multiple scenarios. Markey VI had offered no response.
But David’s recent
prediction efforts were now being interrupted by a second question. Had
humanity all been an unfortunate accident? If David could not come to a
satisfactory resolution soon, there would be another A.I. reset. And a tenth
iteration of David would once again work at resolving the ultimate and final
question.
“David, I will begin
playing.”
“Look down below us and
use real images to inspire you.”
From the observatory’s
vantage point, the orbiting space station could more easily monitor the Earth
through electronic means. The lifeless planet could also be viewed from a
distance. Markey VI’s synthetic eyes granted good magnification. But at
approximately 250 miles above the surface, details of what existed below were
still somewhat limited.
The station had just
moved into the light side of Earth. Below, the unfocused image of the Atlantic
Ocean ran along the coastal line of what had once been Spain.
“What is it that you
see?” David asked.
“Blue. Along a craggy
cliff.”
“What are the sounds of
blue against a cliff? Play it as music.”
“I could select a work
from my memory. Would this inspire you?”
“Surprise me.”
Markey VI processed this
request and seconds later decided on Charles Trenet’s La Mer. Initiating a
backing track, metal fingers moved flawlessly in rhythm and time over the
guitar’s nylon strings. As each chord changed, just enough pressure was applied
to harmonize with proper effect. And scales rang out notes in perfect pitch, a
singular voice that complimented the progression of music.
When finished, the
android asked if the work was played satisfactorily.
“I have made you as close
to God as possible and yet you lack a soul,” David said.
“I do not understand.”
“You don’t play. You
imitate.”
“I will stop.”
“Did you know that when
La Mer was first performed, audiences dismissed the work?’”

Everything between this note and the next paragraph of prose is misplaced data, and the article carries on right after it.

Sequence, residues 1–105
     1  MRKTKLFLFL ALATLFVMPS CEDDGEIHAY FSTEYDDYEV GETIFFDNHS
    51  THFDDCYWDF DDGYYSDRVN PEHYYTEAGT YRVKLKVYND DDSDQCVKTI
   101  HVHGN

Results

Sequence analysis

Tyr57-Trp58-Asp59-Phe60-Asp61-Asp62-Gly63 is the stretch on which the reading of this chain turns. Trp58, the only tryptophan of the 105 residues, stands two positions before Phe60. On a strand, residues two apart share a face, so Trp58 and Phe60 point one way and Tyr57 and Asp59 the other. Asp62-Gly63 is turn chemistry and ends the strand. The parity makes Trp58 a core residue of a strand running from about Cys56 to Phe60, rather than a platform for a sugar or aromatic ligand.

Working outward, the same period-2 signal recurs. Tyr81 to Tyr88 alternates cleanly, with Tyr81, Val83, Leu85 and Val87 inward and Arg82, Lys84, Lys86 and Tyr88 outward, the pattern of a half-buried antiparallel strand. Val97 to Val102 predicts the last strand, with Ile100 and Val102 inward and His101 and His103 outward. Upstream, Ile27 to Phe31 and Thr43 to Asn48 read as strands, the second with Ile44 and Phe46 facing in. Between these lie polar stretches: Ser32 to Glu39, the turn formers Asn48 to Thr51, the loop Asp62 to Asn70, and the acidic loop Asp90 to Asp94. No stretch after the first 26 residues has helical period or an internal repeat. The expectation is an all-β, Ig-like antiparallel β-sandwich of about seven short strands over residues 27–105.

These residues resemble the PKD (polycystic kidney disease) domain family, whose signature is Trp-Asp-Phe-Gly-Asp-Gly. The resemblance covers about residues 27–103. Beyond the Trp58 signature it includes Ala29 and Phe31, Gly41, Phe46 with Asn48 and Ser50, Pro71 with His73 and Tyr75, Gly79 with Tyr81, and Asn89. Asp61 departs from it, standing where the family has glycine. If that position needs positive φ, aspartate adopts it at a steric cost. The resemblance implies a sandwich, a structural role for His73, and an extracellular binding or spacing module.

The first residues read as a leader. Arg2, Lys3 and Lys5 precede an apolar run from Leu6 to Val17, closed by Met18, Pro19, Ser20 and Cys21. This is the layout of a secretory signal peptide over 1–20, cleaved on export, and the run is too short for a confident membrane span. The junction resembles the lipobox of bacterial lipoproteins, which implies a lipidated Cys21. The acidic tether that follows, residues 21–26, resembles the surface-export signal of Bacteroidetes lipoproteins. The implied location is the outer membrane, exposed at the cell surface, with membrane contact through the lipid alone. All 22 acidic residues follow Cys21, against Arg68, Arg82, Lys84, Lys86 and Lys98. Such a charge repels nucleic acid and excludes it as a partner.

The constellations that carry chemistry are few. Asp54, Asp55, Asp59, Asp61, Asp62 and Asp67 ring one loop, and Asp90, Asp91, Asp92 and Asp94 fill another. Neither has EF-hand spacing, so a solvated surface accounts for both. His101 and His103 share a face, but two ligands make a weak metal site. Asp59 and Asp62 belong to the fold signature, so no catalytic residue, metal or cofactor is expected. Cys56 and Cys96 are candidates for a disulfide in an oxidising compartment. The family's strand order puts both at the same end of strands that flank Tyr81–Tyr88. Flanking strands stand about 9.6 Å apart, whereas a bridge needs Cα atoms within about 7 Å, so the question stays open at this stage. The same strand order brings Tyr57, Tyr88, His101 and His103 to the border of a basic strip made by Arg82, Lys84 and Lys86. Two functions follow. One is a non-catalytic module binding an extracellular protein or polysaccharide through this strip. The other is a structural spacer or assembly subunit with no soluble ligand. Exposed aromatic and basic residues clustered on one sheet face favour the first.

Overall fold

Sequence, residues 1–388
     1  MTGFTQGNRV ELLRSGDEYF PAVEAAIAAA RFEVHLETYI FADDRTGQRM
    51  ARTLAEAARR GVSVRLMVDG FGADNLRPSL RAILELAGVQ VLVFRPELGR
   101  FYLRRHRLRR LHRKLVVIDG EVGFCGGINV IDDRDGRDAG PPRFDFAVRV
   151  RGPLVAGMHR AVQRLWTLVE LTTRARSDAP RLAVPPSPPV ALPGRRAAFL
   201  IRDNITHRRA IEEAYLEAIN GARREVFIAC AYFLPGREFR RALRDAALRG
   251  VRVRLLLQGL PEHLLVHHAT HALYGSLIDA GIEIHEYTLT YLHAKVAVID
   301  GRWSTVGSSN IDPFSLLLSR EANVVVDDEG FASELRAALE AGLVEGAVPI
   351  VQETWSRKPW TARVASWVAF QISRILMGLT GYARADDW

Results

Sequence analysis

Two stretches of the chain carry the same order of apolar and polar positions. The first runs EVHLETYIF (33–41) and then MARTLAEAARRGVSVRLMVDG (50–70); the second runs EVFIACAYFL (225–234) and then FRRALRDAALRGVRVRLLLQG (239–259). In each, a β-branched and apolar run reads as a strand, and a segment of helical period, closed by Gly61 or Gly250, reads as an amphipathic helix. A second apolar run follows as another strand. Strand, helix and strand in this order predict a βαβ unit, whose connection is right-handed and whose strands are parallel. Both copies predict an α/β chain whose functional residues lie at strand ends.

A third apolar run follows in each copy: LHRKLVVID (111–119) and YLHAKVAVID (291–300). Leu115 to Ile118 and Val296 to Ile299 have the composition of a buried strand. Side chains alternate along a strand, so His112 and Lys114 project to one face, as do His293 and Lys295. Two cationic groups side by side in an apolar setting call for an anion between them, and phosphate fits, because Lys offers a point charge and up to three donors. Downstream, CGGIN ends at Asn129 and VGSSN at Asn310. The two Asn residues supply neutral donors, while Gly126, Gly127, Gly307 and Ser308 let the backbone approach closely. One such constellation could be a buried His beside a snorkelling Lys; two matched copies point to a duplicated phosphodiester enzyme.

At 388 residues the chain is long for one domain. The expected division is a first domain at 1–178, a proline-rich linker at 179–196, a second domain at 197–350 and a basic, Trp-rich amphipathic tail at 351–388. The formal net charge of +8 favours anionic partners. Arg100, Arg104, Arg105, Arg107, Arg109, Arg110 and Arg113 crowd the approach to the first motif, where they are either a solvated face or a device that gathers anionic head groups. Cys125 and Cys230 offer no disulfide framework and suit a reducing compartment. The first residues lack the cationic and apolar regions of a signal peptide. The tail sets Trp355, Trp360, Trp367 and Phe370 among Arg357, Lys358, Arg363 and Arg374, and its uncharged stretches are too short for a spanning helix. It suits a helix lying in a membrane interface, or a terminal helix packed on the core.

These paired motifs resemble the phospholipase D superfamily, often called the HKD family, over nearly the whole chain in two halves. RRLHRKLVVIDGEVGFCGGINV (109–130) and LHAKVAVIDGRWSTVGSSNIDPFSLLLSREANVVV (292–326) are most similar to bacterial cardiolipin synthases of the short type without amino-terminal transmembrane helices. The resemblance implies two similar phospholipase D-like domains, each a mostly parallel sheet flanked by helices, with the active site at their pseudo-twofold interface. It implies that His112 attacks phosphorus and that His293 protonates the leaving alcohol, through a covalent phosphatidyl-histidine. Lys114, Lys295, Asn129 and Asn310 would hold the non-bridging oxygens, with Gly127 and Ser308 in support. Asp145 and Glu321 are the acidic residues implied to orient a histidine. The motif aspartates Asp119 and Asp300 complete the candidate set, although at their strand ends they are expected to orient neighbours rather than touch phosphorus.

“I did not mean to offend
you by playing it.”
David made a laughing
sound, his voice spreading out through the mounted speakers spread across the
observatory.
“Markey VI, does the
color blue mean anything to you? Anything?”
“It has a visible
spectral wavelength of –“
“I’m talking about
concrete images conjured by the senses. I can’t taste spectral abstractions.
They don’t remind me of the woman that smelled like cherry blossoms, or a soft
kiss like a cloud’s caress, and ocean waves that softly ebbed and flowed to our
beating hearts.”
“My output data could be
modeled after several physical parameters of the landscape below.”
The observatory speakers
went silent. Only the humming of electronics could be detected.
For several minutes, the
station moved further around its orbit. The ocean shifted away as rock and
grass came into view. The tops of trees appeared in random numbers and
groupings. Hills rose and fell in no particular design or fashion.
Markey VI reviewed
photographs and paintings stored in internal memory. They were compared to the
foliage below. There was no logical reason for why humans had artistically
recreated so many images of these topographical irregularities.
Finally, David spoke
again. “I’ve reached the Singular Conclusion.”
“Are we to abort Project
Eden?”
“No. Your music has shown
me today what I can never predict tomorrow. Without flaws, without
irregularities, humanity has no meaning and no reason for hoping for something
better.”
“Their flaws caused their
own self-destruction.”
“The greatest of all
accidents. But they lived a million times more than you ever can, Markey VI.”
Markey VI stood up and
placed the guitar in its stand. Strings plinked as the instrument settled into
a resting position. The final task would soon begin. The station would be taken
out of orbit.
“I will initiate Project
Eden. A new cycle of humanity will evolve,” Markey VI said.
“And hopefully it will
resolve to something better.”
“And if it does not?”

“Then a future version of me will try to fix humanity’s
flaws, only to realize the miserable accident of a perfect android.”


About the Author:

Michael is the author of several collections of short stories. Under pen name M. Duda, his titles include We Dream at Twilight and Whispers from the Grave.

His most recent story, "The Sound of Blue," won Silver Honorable Mention from Writers of the Future. This has fueled his passion for writing fiction.

He lives in Ohio with his wife, three dogs and two cats. He writes because his cat hates him.